Prior to the 1989 fall of the Berlin Wall, he escaped to the West, leaving behind his family and friends to make his dream of coming to America come true.

He said art thrives only in a free society.

For two years he was homeless on the streets of Los Angeles, but he scraped together money for art supplies and painted. And when he began to sell his work, he quickly moved up in the world.

Once he lifted himself up, he started giving back to causes including the homeless, human rights and the fight against leukemia.

United Nations High Commissioner for Human Rights Louise Arbour picked Gevorgian to create a series of commemorative stamps issued worldwide as part of its Campaign for Freedom. He had previously done a mural and stamps for the United Nations titled "Respect for Refugees."

He made no conscious decision to become a social and political activist.

"You don't choose the path," he said. "It sort of chooses you and you just go with it."

He said he has the opportunity to do what he loves to do: to sit in his Los Angeles studio and read books and talk about his favorite philosophers and paint.

His wealthy clients are passionate about his work.

And when one is in that kind of position, one cannot, in good conscience, simply make art and make money, he said. He said he sees himself as a monk who uses art to reach people and effect positive change.

"I believe art is an incredible, beautiful religion," he said. "When I paint, it's me and my vision of the world. You become some sort of a preacher."

Gevorgian said anyone in any sort of creative job "has a chance to reach someone somewhere and make a change. And when you have that chance, you are obligated to do it."

And, he said, all of us, as individuals, have a responsibility to act.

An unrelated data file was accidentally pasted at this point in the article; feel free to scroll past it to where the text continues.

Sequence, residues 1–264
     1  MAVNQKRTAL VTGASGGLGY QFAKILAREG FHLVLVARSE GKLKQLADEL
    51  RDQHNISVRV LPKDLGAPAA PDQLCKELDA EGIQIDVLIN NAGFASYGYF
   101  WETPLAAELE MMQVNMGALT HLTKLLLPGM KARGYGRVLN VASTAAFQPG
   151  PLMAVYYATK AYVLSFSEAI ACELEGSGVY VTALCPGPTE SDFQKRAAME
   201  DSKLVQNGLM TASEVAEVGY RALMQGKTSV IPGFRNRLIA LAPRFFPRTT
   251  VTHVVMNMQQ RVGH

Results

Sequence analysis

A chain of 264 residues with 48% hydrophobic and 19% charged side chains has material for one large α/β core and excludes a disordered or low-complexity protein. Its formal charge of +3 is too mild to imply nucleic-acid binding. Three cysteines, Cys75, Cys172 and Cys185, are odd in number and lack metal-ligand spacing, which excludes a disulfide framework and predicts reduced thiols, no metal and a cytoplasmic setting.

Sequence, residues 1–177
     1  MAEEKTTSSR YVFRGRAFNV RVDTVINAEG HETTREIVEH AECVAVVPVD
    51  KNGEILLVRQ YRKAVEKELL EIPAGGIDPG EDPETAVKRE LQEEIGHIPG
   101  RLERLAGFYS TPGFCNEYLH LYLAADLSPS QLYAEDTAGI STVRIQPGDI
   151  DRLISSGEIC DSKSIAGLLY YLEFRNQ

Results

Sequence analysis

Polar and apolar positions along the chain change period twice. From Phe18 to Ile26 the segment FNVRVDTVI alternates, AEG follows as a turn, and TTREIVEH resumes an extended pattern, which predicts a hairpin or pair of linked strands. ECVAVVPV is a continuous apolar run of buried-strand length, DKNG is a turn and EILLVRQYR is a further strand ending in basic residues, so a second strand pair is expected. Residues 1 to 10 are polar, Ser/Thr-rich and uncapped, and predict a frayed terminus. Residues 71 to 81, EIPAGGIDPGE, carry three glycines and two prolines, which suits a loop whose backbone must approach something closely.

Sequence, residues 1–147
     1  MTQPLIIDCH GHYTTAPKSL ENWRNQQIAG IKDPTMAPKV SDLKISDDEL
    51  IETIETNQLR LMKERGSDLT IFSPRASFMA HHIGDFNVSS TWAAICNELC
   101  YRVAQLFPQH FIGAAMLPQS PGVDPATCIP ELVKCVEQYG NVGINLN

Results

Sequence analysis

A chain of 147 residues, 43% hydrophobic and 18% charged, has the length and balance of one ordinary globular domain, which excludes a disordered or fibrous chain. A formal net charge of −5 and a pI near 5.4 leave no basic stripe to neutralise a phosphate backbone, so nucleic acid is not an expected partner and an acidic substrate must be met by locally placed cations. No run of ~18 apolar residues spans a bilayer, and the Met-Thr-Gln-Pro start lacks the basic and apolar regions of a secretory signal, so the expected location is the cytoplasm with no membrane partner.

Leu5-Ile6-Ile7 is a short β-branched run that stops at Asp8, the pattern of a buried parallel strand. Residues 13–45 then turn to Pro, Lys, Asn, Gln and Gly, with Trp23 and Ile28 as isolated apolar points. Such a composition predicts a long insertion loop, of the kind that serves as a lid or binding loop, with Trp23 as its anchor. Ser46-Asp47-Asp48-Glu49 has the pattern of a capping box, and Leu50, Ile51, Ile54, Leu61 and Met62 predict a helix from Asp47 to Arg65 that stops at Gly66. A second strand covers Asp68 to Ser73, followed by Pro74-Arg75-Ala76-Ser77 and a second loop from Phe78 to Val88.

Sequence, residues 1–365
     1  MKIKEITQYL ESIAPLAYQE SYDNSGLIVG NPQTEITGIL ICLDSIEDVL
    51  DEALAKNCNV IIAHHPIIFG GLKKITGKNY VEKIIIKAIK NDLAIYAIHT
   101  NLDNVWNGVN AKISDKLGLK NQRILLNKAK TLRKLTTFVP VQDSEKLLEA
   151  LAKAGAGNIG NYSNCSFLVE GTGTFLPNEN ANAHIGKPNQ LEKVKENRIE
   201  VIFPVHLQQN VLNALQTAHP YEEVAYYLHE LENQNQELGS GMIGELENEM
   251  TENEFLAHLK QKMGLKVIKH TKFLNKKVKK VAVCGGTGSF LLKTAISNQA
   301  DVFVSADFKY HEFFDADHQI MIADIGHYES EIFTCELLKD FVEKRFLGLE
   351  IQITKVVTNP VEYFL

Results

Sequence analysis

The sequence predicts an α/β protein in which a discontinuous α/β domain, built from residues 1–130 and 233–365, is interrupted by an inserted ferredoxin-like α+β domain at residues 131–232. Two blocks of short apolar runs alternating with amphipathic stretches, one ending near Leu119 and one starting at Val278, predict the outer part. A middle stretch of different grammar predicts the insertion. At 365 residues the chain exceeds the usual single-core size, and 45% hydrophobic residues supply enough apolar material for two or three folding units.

"You need to take an active role in everything," he said. "There are so many challenges, and it's OK, as long as we are acknowledging it and doing something about it, it will be fine.

"How do we raise the consciousness of the human race? How do we live with religious differences? It's all about surviving on this planet and prospering."

Aside from human rights, another issue he cares greatly about is the environment.

"I have kids," he said. "I want my kids to have a better environment to live in."

But he said the international community is wrong to point the finger of blame at the United States for the failure of the G-8 Summit to produce a binding agreement on global warming.

"I don't believe the United States is the key to the problem," he said. "The governments of China and India have somehow escaped everyone's attention."

The United States, he said, does more than any other country to work toward technological solutions to environmental problems.

"Because we can do so much, the rest of the world expects us to do more than anyone else," he said.

He said changes in environmental law can have massive impacts on any nation's economy.

"It's a matter of finding balance," he said, both economically and politically.